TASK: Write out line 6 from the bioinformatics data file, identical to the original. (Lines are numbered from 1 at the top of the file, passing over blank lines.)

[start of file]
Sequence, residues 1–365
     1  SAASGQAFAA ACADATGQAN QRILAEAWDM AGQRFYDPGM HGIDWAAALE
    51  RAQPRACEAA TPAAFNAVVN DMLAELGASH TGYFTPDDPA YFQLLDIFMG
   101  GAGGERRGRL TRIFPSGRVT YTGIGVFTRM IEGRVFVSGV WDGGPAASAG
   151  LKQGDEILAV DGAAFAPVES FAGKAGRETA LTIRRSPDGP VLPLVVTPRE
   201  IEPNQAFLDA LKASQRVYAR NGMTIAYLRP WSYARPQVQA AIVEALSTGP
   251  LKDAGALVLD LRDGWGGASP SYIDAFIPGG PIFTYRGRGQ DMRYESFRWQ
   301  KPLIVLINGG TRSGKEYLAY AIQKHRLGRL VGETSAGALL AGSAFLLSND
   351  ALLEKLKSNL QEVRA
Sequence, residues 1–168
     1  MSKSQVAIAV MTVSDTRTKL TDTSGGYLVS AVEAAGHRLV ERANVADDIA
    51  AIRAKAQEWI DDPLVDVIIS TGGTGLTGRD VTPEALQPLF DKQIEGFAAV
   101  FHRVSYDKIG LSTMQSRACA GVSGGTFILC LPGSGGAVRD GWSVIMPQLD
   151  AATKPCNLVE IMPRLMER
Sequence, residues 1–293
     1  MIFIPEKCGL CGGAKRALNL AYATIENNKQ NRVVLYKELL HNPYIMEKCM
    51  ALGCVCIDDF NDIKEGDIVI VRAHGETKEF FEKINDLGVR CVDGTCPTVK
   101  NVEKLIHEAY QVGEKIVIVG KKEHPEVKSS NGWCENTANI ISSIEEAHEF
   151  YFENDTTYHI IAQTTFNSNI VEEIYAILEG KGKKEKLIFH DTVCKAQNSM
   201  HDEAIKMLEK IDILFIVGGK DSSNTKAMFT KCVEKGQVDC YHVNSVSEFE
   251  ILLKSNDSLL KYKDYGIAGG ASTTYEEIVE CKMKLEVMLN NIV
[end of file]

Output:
   201  IEPNQAFLDA LKASQRVYAR NGMTIAYLRP WSYARPQVQA AIVEALSTGP